The value of coffee sold by Laos to the European (EU) market is likely to increase thanks to additional EU support for the trade.
The Lao Coffee Export Project to the EU will be launched next month in Champassak province, it was reported when Minister of Industry and Commerce Dr Khampheng Xaysompheng met with the Ambassador of the European Delegation to Laos, Ms Ina Marciulionyte, last week.
The project aims to boost trade between Laos and the EU and capitalise on market opportunities.
Last year the value of trade between Laos and the EU reached US$573 million, of which US$424 million was exports.
According to estimates by the International Trade Centre (ITC), 69 percent of Laos’ coffee export potential to the ASEAN bloc is untapped, and trade with other growing markets can be increased.
In Laos, coffee is an industry of opportunity and can empower women and young people, as well as bolster tourism.
The EU works closely with Laos under the framework of the EU-ASEAN Cooperation Agreement to ensure an effective environment for trade and investment relations, according to the European Commission.
Laos has been a member of the World Trade Organisation since 2013 and, as a least developed country, benefits from the EU’s “Everything But Arms” scheme, which grants unilateral duty-free, quota-free access for all exports, except arms and ammunition, to the EU.
The EU ranks as Laos’ fourth biggest trade partner after Thailand, China and Vietnam.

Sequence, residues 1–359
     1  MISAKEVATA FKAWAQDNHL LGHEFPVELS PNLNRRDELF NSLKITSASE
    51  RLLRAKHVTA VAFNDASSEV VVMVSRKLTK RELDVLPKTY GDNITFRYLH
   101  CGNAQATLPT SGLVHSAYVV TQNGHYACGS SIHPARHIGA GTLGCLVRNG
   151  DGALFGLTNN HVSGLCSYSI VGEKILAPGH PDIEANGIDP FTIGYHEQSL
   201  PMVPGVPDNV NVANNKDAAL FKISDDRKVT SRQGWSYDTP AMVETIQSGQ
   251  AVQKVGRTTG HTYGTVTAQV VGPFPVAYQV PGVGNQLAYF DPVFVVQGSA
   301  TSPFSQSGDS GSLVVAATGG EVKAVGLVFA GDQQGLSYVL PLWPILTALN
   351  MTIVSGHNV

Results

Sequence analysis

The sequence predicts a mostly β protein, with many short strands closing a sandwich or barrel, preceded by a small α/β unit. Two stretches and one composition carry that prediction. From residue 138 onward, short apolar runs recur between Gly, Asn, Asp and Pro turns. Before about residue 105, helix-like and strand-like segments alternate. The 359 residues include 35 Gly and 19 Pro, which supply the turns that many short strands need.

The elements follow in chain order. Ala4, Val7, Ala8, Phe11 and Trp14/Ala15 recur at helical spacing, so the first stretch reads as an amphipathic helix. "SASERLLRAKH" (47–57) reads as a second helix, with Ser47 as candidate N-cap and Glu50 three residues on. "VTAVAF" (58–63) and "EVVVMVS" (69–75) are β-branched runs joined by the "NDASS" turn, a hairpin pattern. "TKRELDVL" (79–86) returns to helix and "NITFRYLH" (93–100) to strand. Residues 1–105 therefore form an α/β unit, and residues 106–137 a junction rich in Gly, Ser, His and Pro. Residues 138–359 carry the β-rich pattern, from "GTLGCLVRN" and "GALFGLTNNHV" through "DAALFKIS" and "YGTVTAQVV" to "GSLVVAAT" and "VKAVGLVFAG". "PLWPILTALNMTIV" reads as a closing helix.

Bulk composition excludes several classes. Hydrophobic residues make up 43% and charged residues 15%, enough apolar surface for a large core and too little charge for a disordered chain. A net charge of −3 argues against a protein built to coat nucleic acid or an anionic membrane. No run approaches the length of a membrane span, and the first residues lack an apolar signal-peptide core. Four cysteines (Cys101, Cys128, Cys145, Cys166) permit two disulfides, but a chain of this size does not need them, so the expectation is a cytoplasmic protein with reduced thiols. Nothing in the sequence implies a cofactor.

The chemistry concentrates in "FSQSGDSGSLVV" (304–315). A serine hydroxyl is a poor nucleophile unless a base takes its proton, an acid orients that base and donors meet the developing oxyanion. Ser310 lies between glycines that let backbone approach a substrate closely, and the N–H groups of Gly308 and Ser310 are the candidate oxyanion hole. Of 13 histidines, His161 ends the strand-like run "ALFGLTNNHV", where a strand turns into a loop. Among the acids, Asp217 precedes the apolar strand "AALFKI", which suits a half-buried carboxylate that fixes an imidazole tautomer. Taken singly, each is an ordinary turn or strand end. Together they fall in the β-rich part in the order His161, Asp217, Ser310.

The EU mostly imports textiles, footwear and agricultural products from Laos, while EU goods sold to Laos mainly consist of machinery.
Laos could face a trade loss of US$102 million under the special tariff scheme if the country graduates from the UN’s Least Developed Country (LDC) status in 2024, according to a recent study.
A research paper conducted in the context of the International Trade Centre project and funded by the European Union highlighted the projections of trade and tariffs as well as the predictable impacts on exports.
In the past, Laos has significantly benefited from the Generalised System of Preferences, which allows Lao exporters to pay less or no duty on exports to other countries.
Upon graduation from LDC status, Laos will no longer be eligible to export under the unilateral preferential tariff schemes that 24 markets around the globe have in place for countries in this category.
Some of Laos’ largest trade partners are the EU, the United Kingdom, Japan and Canada, with Lao businesses benefitting from exporting to these markets under the special trade privilege scheme.
The EU, the United Kingdom and Canada are also the only markets where the expected trade loss accounts for more than a tenth of Laos’ projected exports to these markets.
Source: Vientiane Times